The E55's 2.4" QVGA screen is transflective, a technology which has been discussed many times on All About Symbian, although the benefit bears repeating. A disadvantage of touch screen phones is poor visibility while outdoors. However, with the non-touch E55, and similarly equipped Eseries phones, you will always be able to read the screen, whatever the conditions. The photos below were taken with sunlight directly on the E55's screen.
The most notable physical feature of the E55 is of course its 20-button "Half QWERTY" keyboard. This is a novelty for Nokia, but it has already been done with the Blackberry Pearl range. The keyboard design should not be confused with Sony Ericsson's M600i and P1i, with which letters were accessed by physically pressing either side of each key. Instead, typing with the E55 is achieved by either predictive text, or multi-tap.
Overall, typing on the E55 works well. I had early hopes that it would be possible to type faster than with 12-button T9 keypads. However, when using predictive text, with one or two thumbs, in practised hands the E51's T9 style keyboard can achieve as many words per minute. However, while it seems that predictive text typing on the E55 is no faster than a T9 phone, typing is more comfortable.
When the E55 was first released, there were complaints about typing punctuation marks. Unfortunately, after three firmware updates, this hasn't changed. Each key has letters printed along the bottom, and a symbol or number printed on the top, which is accessed via the symbol-shift key (bottom left). The symbol menu key ("Sym") has "*" and "+" as its extra symbols. Those symbols are typed by pressing the symbol-shift key followed by one or two presses on "Sym". However, the full stop key has four symbols but does not behave in the same multi-tap manner. Instead, whether in predictive or multi-tap mode, the user has to cycle through each character until the desired one is found. This is a speed bump to typing, and the inconsistent behaviour is a significant barrier to learning to type on the E55.
The E55 uses a 3.2 megapixel Extended Depth of Field (EDoF) camera, instead of an auto-focus or fixed-focus lens. This is a new technology for mobile phones, but judging by the next generation of S60 phones (e.g. the E5) Nokia looks set to replace traditional fixed focus camera modules with this. Steve has already explained how EDoF works, but I'll summarise it here for reference. The camera (effectively) has three (slightly different) fixed focal points for red, green, and blue light. Once the image data is read from the sensor, the software breaks the image up into sections and judges which colour delivered the sharpest image for each section. It then uses that colour data to define the image segment, and data from the remaining two colours to provide colouration. By performing this process on small segments across the whole image, it is possible to have both background and foreground objects in focus at the same time, from a metre away to infinity.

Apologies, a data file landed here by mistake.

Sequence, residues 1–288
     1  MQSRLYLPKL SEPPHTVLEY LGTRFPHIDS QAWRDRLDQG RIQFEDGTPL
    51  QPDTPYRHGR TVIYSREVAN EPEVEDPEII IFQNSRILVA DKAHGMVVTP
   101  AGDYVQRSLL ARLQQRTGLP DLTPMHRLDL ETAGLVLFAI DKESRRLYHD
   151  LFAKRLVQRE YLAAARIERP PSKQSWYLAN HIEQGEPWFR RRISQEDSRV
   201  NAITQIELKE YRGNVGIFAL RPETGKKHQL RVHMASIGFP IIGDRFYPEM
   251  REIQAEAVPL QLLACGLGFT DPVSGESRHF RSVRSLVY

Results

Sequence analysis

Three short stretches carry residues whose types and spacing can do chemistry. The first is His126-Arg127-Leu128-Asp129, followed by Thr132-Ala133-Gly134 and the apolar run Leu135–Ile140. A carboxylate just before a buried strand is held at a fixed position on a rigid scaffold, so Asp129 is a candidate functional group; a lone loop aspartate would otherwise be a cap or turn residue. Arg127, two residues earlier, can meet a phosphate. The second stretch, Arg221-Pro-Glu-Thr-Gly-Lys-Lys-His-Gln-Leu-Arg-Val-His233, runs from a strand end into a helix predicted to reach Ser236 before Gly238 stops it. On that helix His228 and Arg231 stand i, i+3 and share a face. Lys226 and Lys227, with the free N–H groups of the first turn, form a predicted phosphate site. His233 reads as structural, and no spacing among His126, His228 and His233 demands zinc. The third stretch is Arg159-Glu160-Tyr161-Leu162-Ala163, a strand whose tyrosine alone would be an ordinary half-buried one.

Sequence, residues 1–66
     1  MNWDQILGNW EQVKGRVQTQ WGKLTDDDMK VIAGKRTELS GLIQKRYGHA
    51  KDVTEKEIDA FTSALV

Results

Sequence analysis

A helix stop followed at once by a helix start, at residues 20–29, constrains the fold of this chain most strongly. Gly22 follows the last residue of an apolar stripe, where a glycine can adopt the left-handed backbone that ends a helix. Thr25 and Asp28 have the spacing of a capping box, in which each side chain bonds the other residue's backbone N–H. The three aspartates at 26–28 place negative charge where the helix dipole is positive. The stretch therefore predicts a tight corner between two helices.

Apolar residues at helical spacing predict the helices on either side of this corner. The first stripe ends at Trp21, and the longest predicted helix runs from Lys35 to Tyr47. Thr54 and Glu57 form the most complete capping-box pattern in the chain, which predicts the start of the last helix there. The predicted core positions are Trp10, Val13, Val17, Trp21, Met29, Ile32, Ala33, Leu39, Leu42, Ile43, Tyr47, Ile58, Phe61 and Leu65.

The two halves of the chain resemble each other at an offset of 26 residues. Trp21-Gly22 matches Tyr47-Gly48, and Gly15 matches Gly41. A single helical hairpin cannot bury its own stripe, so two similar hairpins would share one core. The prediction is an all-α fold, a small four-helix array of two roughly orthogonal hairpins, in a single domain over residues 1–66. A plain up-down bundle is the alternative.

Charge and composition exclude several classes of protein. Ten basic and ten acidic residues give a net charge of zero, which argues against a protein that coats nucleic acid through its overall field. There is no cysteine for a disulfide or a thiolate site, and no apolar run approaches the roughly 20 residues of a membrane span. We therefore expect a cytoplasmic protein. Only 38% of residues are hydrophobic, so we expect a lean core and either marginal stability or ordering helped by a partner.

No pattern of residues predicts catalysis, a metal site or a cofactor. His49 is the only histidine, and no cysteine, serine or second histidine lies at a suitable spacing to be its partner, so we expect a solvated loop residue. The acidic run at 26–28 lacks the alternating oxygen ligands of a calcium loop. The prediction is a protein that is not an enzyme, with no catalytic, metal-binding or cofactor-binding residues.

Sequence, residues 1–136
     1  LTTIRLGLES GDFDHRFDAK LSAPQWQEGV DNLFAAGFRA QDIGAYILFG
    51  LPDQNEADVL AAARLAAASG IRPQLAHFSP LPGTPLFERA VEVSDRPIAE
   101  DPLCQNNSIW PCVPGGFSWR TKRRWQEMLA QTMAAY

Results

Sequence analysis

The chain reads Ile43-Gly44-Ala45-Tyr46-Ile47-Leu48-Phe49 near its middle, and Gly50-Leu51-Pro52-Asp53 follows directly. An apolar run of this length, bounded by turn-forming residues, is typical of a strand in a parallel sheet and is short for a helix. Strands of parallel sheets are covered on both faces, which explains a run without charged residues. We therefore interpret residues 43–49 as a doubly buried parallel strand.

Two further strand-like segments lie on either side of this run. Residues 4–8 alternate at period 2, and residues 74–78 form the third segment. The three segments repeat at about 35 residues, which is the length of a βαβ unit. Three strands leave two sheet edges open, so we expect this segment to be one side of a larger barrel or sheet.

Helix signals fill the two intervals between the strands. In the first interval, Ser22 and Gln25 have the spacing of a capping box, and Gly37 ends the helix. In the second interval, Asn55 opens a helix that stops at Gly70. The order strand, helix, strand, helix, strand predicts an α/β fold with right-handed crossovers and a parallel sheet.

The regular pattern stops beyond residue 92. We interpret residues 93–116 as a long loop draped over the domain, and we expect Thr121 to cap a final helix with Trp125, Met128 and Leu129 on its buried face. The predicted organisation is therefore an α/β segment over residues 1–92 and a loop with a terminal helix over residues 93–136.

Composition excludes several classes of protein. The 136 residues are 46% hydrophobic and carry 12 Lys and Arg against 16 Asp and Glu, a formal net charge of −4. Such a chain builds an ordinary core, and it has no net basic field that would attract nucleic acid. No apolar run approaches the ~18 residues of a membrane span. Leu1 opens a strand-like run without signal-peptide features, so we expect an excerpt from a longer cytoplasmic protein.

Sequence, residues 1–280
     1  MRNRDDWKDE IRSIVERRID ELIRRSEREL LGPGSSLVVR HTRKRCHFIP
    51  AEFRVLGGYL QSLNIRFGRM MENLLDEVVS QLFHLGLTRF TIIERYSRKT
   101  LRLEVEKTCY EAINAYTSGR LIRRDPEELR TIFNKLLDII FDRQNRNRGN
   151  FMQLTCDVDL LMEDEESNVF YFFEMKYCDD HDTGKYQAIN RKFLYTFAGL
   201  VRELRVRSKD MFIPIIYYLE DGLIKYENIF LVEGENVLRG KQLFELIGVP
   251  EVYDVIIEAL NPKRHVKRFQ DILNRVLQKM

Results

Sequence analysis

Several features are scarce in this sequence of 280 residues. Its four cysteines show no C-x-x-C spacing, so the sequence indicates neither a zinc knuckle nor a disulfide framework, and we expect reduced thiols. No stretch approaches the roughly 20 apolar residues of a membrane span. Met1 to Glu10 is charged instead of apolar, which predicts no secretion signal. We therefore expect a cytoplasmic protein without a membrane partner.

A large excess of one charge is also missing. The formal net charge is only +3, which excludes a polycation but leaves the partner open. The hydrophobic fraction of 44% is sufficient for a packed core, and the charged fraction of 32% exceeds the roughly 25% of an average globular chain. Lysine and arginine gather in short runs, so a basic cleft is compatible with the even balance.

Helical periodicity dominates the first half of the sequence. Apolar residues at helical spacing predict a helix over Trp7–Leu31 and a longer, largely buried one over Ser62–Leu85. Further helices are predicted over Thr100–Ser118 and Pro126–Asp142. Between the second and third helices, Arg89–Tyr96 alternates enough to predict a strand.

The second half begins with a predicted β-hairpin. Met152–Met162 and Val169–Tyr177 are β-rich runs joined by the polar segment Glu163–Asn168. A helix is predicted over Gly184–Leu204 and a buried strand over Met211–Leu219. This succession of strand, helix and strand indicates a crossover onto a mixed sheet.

There is a single LED flash with the E55's camera and while it's better than nothing, even dual LEDs don't cut it in low light conditions. What's more, there's no torch feature (as on the E63)! (If you want to use the LED as a torch, you end up having to record a Blair Witch style video!)
The camera's user interface has two main elements. First is a status bar showing remaining battery life, remaining memory card capacity and GPS status (for geo-tagging). The other element is a vertical toolbar along the right. The still image mode has so many image adjustment tools, you have the option of customising the toolbar to show as many, or as few, items as you want.
Using the still image adjustments wisely can yield impressive results. For example, in the image below, the contrast difference between the night-time surroundings and bright screen was washing out all of the detail in the error box I wanted to photograph. Adjusting the exposure compensation allowed me to properly capture the black on grey text.
In addition to video and still mode, the E55 has a panoramic mode, with a helpful user interface for lining up each shot. Here's an example of what you can achieve, and a demonstration of near and far focus:
The EDoF technology can achieve surprisingly good results. However, because it relies so heavily on image processing, some fine detail can look a little over-processed. You can judge for yourself with the two examples below: each image has been scaled down (but is a link to the original image) and then followed by a 1:1 scale cropped section of the same image.
Video capture on the E55 isn't spectacular, but measuring 640x480 pixels at 15 frames per second, it will do for the likes of YouTube.
In the second part of this revisiting of the Nokia E55, I'll be looking at its software package and how this has helped or hindered me over the last eight months.
David Gilson for All About Symbian, 25th May 2010
Reviewed by David Gilson at